Minnesota in Egypt

First Century: Potent Traditions

This page gives additional information about events mentioned in timeline

site map: or back to introductory page. Links below are to the bibliography, or the Web.


Flight into Egypt, Giotto (1304-06, Scrovegni Chapel, Padua)

Flight of the Holy Family into Egypt

The Gospel of Matthew says "When he [Joseph] arose, he took the young child and his mother by night and departed into Egypt: and was there until the death of Herod, that it might be fulfilled which was spoken of the Lord by the prophet, saying, "Out of Egypt I have called my son" [Matthew 2:14-15].

click picture for more images

Only one gospel mentions the journey. It gives no details. From the second century onwards "Infancy Narratives"
appeared to fill the gap, giving rise to stories still current in Egypt today (Griggs 1993, 12). For some stories, click on the image at left.

 

In 1999 an article in a Cairo newspaper, Al Ahram, mentions numerous places revered today by both Muslims and Christians because of their taditional associations with the Holy Family. It includes a map of the proposed route.
http://weekly.ahram.org.eg/1999/411/su2.htm

A detail is below: compare the Egyptian Tourist Agency site,

www.touregypt.net/holyfamily1.htm

Be Thou there, The Holy Family's Journey in Egypt,, ed.Gawdat Gabra, published 2001 discusses the sources, the route as it has been established over time, and the importanceof the story to present day Egyptians, both Christian and Muslim.

In BABYLON, a site near the present day city of CAIRO (see inset at right), the Holy Family are said to have taken shelter in a place now covered by the Church of St. George.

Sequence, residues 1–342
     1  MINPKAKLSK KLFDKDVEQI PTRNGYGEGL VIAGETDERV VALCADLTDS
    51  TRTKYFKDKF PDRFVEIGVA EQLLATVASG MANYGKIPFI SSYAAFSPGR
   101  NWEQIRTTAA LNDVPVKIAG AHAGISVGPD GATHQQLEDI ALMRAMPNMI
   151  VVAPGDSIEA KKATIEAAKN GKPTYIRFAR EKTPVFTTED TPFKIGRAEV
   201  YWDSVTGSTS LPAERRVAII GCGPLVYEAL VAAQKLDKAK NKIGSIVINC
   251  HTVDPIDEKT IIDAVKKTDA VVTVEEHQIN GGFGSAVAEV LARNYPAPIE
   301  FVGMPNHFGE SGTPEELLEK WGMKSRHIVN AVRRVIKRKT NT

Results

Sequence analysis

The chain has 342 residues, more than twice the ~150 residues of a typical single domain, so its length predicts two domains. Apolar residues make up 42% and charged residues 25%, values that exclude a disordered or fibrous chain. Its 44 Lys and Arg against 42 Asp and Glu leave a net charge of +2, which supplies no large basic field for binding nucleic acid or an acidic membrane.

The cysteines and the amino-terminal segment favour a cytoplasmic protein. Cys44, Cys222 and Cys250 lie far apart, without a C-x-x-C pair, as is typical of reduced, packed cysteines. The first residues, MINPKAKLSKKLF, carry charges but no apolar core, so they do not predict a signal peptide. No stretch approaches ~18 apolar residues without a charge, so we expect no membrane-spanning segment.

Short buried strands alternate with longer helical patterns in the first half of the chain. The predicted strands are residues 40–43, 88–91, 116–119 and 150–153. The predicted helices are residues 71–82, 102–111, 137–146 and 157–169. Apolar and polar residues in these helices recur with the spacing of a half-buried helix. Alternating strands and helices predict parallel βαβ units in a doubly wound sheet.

A pamphlet sold in the neighboring Ben Ezra synagogue charmingly defends the validity of this tradition by arguing that, as devout Jews, the exiles would certainly seek refuge near a synagogue. Unfortunately, we cannot prove that the synagogue goes back to the first century.
 

St. Mark and Egypt

The New Testament records many journeys St. Paul and others made in order to preach the Gospel. It does not mention a journey to Egypt, although some passages may suggest an early spread of Christianity there (Griggs 1993, 14-18).

It is a fourth century historian, Eusebius, who says Peter sent Mark to Egypt:

"Now this Mark is the one whom they say to have been the first sent to Egypt to preach the Gospel, which he had also written down, and the first to establish churches in Alexandria itself." Eusebius of Caesarea Hist. eccl. II,15,1-2; III,39,15, quoted Griggs 1993, 19; cf. Jerome PL XXII, 1002 ; VI,14,6).

Some additional support for this tradition appears in a second century letter of Clement of Alexandria (Griggs 1993, 20-21; Smith 1973; Smith 1982).

 

According to the Acts of Mark., Mark was dragged from the Easter service and martyred in AD 67/8. His relics were said to be preserved in Alexandria, defeating all efforts to remove them until the Venetians carried some or all away to Venice in 829. Venice later built the church of San Marco to house them.

Venice returned some of the relics to Alexandria in 1968.

In the sixteenth century, the Venetian artist Tintoretto painted a series of pictures for the Scuola San Marco in that city. One appears on the left. It shows the Christians of Alexandria taking advantage of a thunderstorm to recover the body of the saint after his executioners.

For the tradition as preserved in the Coptic Orthodox Church, and the return of the relics, see
http://orthodoxwiki.org/Apostle_Mark